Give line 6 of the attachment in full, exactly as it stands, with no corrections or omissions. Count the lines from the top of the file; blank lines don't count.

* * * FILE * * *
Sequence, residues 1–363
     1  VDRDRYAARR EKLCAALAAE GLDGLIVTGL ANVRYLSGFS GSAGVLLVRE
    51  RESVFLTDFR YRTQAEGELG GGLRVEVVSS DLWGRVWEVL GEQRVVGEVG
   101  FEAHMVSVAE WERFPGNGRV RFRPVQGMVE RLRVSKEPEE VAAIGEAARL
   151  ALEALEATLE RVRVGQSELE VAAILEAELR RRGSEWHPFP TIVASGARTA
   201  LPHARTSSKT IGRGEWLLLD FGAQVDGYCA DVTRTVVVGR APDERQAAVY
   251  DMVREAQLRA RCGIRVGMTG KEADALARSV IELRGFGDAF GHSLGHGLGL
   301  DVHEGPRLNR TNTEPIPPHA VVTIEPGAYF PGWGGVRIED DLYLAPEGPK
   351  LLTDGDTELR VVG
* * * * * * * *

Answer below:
   201  LPHARTSSKT IGRGEWLLLD FGAQVDGYCA DVTRTVVVGR APDERQAAVY